Last week I attended my first Telecom Infra Project (TIP) Summit, and wow, what an event! Congratulations to the organizers, presenters, and support teams at TIP Summit ‘19, who’ve just put on one of the best events I’ve attended for a while. Very slick production, informative presentations, good swag, and most importantly, a really vibrant atmosphere. From the show of hands at the start of the event, many of us in the auditorium were attending for the first time, and I’m sure most would agree with what I’ve just said.
The two-day event kicked off with a series of keynote presentations where executives from T-Systems, Telefónica, and Vodafone outlined the great advances that have been made over the 12 months since TIP Summit ‘18 in London. Key among these were significant announcements on progress in the OpenRAN and disaggregated cell site gateway (DCSG) projects driven by TIP.
Progress with RAN Disaggregation Through OpenRAN
Vodafone announced significant progress with their OpenRAN trials, moving from an RFI to successful field trials of OpenRAN technology. OpenRAN takes traditional radio access network (RAN) hardware and breaks it down into open software components that can run on standardized compute platforms and interoperate between vendors.
Interestingly, Vodafone announced the vendors that responded to the RFI, and the list included seven of them, mainly newer OpenRAN specialists but also some with a longer history, such as Samsung, which according to Vodafone scored the highest out of all the vendors in the RFI. Interestingly, though, none of the big three traditional RAN vendors chose to respond to the RFI. From my perspective, this shows how disruptive the move to disaggregation can be, as well as the importance of having a deep understanding of the underlying application when embarking on this process.
Winners in this space will be those vendors that can combine the value of new disaggregated architectures with experience and hardened software from proven large-scale deployments in the previous “non-disaggregated” era.
To cap this progress off, based on the success of the ongoing trials, Vodafone announced that they were initiating a new OpenRAN RFP for the bulk of their European footprint, over 100,000 cell sites. This makes it one of the biggest RFPs in the mobile industry outside of China and a clear validation of the progress Vodafone has made toward disaggregation in the RAN.
Progress with Disaggregated Cell Site Gateway
Telefónica announced their progress with DCSG, including the world’s first large-scale deployments of this technology in Germany and Ecuador, and calling out their partner in the projects – Infinera! Naturally, all the Infinera attendees and the company in general were very proud to be associated with this landmark announcement.
The DCSG project takes the traditional cell site gateway architecture and splits it into open hardware capable of running any network operating system (NOS) software and NOS software that can run on any open DCSG hardware. Prior to the TIP Summit, TIP, Infinera, and Edgecore Networks announced that Telefónica was deploying Infinera’s DRX Series hardware and CNOS software, and that both Infinera’s DRX-30 and Edgecore’s AS7315-27X-DCSG supported DCSG applications with CNOS software.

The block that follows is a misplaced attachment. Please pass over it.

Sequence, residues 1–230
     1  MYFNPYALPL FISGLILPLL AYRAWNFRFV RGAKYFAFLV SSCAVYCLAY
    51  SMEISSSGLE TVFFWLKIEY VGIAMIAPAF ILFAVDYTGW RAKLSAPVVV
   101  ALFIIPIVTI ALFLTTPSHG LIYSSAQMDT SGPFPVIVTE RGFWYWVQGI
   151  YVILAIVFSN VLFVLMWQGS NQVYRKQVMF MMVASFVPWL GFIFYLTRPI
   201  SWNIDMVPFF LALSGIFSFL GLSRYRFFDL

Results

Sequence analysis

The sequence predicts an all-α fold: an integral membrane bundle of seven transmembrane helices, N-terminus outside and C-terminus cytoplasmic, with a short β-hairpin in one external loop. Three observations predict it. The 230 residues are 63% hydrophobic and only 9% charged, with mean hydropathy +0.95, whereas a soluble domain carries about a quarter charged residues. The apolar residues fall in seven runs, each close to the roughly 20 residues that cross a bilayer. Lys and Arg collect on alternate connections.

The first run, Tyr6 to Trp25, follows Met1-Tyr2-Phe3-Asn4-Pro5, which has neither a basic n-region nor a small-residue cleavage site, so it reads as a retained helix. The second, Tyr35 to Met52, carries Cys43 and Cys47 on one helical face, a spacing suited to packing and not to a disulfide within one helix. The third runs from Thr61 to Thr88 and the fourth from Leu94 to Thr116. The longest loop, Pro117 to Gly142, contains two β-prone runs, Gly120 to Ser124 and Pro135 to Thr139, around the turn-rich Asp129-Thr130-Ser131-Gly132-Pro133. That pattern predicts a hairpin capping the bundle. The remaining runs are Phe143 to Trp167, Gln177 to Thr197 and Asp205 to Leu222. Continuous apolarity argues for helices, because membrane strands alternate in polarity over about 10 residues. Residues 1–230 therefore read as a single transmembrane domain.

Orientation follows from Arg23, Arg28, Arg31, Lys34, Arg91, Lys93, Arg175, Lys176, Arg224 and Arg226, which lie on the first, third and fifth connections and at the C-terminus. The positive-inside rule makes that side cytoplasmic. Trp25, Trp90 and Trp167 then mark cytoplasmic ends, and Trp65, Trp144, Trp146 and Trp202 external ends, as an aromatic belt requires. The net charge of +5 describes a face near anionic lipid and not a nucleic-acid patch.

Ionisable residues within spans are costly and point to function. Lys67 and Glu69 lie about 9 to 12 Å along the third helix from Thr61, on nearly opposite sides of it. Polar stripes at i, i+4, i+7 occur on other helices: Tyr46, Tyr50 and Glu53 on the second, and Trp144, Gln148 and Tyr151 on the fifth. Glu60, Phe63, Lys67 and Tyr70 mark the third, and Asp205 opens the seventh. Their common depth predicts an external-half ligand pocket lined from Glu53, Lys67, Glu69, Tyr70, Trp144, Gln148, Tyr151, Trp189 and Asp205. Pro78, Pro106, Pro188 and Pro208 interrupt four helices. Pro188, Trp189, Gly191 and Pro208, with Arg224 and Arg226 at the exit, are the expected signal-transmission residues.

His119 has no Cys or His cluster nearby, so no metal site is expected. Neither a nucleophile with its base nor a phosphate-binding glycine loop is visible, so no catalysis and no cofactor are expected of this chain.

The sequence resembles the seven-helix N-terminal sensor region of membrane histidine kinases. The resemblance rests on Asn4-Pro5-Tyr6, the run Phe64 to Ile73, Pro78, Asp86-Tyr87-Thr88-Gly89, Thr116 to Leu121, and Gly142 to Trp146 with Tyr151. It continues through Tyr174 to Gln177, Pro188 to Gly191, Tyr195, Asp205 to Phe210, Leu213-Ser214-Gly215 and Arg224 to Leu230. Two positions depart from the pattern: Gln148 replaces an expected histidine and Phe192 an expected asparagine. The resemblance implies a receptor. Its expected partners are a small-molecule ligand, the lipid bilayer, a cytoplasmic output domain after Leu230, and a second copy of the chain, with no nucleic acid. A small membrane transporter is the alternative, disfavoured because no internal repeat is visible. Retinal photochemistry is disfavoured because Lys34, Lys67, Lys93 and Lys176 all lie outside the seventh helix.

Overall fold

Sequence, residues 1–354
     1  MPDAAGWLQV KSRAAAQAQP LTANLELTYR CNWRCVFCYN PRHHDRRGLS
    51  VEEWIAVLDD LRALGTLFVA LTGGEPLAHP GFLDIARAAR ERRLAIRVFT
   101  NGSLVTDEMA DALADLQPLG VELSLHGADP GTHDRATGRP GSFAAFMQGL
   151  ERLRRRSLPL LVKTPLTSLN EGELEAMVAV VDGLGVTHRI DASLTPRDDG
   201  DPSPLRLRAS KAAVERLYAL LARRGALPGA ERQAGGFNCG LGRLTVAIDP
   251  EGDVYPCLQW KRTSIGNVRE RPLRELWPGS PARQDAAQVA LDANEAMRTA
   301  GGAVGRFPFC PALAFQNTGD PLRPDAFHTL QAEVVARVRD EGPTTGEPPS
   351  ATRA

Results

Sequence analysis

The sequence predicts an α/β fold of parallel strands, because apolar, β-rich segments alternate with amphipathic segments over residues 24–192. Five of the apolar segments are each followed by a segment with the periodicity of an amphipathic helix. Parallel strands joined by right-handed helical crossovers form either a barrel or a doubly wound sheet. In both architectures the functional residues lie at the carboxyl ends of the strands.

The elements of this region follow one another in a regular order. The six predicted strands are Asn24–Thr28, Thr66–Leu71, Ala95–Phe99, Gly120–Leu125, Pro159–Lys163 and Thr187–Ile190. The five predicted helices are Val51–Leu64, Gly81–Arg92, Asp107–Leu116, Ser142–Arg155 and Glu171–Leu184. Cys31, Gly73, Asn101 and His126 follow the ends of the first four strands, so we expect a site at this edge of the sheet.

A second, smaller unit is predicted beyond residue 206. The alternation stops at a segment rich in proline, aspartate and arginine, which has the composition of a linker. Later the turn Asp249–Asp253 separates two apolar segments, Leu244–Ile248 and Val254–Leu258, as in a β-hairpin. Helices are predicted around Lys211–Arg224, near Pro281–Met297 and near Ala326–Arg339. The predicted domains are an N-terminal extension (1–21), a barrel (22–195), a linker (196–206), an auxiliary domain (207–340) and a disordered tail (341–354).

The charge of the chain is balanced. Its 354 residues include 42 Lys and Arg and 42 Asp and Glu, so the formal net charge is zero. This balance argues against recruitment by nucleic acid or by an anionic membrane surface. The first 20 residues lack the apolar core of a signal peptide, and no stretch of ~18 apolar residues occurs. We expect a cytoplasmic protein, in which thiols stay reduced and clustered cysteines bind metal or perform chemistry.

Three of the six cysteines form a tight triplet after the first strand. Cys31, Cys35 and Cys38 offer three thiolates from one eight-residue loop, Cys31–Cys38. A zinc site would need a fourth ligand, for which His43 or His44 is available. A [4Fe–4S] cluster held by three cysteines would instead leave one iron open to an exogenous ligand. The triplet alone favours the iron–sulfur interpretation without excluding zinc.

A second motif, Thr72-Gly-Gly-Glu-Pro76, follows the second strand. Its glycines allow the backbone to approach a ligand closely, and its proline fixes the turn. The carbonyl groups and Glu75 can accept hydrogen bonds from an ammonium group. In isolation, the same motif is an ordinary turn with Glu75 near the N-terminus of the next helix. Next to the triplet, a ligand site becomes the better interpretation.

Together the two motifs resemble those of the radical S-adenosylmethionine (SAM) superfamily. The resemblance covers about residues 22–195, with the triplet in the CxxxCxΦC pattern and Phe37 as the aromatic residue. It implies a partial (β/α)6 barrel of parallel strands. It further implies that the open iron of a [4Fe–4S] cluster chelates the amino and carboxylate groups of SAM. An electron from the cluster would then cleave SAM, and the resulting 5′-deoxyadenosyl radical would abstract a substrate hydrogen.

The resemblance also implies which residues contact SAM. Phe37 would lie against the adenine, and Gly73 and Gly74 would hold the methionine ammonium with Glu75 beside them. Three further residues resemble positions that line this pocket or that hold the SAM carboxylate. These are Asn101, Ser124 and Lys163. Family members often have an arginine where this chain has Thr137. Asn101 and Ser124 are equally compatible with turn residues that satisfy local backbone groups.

Enrique Blanco Nadales, Telefónica CTIO, discussing DCSG progress at TIP Summit ‘19
My perspective is that the strong public statements Telefónica made multiple times during the TIP Summit announcing that they had started commercial deployments of DCSG technology from Infinera were a proof point of how proud Telefónica also is of this achievement, as well as of the value it brings to these networks and ultimately to the end-user experience.
One interesting observation is that while driving for the benefits of an open architecture, Telefónica still understood the challenges of system integration and chose Infinera as a single vendor for both open hardware and software.
Even when disaggregation leads to a single vendor providing both the hardware and the software, the benefits of disaggregation can still be obtained. The open architecture removes traditional vendor lock-in and provides better flexibility and scalability while also positively changing the economics.
Infinera on the Main Stage
Rounding off the first morning on the main stage was a panel that took the DCSG topic to a deeper level, discussing the DCSG concept and the overall impact of a disaggregated network. The panel consisted of Christoph Glingener, who is ADVA’s CTO; George Tchaparian, CEO of Edgecore Networks; Joe Ghalam, Distinguished Engineer at Dell; and Parthiban Kandappan, Infinera’s CTO, and was chaired by Luis Martin Garcia, who is an Engineering Manager at Facebook and co-lead of the DCSG initiative within TIP. Quite a distinguished line-up!
Infinera’s CTO Parthiban Kandappan in the panel “The Disaggregated Network – DCSG”
Overall this was a very interesting event, discussing technology trends that are rapidly changing the way mobile networks are being built. One of the main enablers of the modern social media-driven world was the trend toward disaggregation within the data center.
This trend enabled data center owners to significantly simplify the building, expansion, and ongoing management of their data centers, and TIP is capitalizing on this experience to help simplify current 3G/4G mobile networks, as well as the 5G networks that are starting to be rolled out now across the globe.
These are interesting times, and it’s exciting to see Infinera at the forefront of this trend, leading from the front with a strong push into disaggregated IP built on a foundation of 25 years of history in IP for mobile networks.